Rep. Ron Paul's feelings about America's central bank are a matter of public record. An extensive public record: In dozens of congressional hearings over the past four decades, he has ribbed, cajoled, harassed, or annoyed any representative or defender of the Federal Reserve brave or unlucky enough to appear before him.Read the rest here.
Normally, his interrogations concern America's profligate money printing, Congress' unnecessary spending, the Fed's secrecy, and, especially, gold, which he believes should underpin the currency to render it sound. But his distrust runs wide and deep. Consider this comment from a 2007 hearing: "This whole notion that a central bank somehow has the wisdom to know what interest rates should be is, to me, rather bizarre. And also the source of so much mischief."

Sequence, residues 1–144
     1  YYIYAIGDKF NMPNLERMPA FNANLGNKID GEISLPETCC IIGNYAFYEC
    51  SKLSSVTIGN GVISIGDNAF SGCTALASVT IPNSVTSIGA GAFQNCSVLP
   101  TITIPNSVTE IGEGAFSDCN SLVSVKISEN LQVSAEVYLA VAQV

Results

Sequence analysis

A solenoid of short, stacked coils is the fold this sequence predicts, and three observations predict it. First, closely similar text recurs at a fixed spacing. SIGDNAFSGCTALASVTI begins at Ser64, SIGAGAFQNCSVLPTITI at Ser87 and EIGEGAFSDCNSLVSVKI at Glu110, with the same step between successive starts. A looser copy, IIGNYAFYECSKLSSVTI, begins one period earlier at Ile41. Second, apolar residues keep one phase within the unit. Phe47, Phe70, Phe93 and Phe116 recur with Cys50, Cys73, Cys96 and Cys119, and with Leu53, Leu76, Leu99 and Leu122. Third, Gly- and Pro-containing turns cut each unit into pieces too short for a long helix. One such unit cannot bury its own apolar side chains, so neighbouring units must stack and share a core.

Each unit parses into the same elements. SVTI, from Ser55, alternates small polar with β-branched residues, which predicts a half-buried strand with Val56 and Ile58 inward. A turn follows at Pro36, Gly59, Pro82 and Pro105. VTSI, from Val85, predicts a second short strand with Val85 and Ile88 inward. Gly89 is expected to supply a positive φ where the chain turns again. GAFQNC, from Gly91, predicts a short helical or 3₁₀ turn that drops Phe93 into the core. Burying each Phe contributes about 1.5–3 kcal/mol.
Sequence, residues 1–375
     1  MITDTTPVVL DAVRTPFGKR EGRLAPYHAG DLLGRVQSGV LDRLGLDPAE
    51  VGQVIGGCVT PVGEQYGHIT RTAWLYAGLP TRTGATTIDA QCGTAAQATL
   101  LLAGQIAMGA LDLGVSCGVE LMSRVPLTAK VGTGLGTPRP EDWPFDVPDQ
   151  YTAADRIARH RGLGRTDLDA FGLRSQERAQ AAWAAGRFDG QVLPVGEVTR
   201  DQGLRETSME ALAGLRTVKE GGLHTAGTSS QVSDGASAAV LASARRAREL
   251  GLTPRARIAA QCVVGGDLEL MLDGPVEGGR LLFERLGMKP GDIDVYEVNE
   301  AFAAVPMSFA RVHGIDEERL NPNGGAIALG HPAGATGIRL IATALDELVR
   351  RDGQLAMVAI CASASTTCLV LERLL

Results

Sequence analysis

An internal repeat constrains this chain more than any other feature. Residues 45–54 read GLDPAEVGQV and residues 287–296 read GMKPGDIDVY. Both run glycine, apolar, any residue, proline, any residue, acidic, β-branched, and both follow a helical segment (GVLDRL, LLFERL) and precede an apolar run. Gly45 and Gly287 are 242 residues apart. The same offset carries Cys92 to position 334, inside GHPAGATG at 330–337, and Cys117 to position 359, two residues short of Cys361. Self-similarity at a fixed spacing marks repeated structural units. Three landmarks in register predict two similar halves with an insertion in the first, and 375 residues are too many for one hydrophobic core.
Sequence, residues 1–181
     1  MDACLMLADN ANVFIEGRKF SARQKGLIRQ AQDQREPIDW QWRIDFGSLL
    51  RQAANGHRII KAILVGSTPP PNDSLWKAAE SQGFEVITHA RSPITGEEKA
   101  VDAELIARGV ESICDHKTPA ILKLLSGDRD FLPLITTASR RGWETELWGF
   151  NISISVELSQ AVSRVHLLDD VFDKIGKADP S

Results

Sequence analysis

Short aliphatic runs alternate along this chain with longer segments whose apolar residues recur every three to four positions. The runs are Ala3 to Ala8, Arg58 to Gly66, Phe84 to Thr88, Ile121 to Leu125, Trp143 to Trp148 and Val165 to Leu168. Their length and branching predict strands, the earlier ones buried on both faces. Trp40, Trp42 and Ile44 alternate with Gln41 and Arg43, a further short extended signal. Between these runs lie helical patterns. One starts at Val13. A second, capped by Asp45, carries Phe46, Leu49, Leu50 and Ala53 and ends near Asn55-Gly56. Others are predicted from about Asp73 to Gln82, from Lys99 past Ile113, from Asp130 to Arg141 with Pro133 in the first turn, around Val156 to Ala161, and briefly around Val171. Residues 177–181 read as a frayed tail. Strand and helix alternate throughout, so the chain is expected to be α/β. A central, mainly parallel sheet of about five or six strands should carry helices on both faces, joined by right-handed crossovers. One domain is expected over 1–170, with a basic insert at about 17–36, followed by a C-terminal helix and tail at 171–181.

That first sentence is a neat encapsulation of his economic worldview. And the second could well apply to Paul himself. His career in and out of public office has been devoted to two propositions: 1) The Fed is bad. 2) The gold standard is good. His consistency has been impressive—which is not to say he has been influential. He rarely gets satisfactory answers in hearings, and he'll probably never get satisfaction in his long, lonely crusade to radically alter America's monetary policy.
But if you tilt at windmills long enough, sometimes you hit. And on Wednesday, Paul did: He held his first-ever hearing as chairman of the House Financial Services Committee's subcommittee on monetary policy, inviting two Austrian-school economists and one lonely representative from the left-leaning Economic Policy Institute to debate how Fed policy affects the unemployment rate.
This may be Ron Paul's moment. The question now is what he does with it.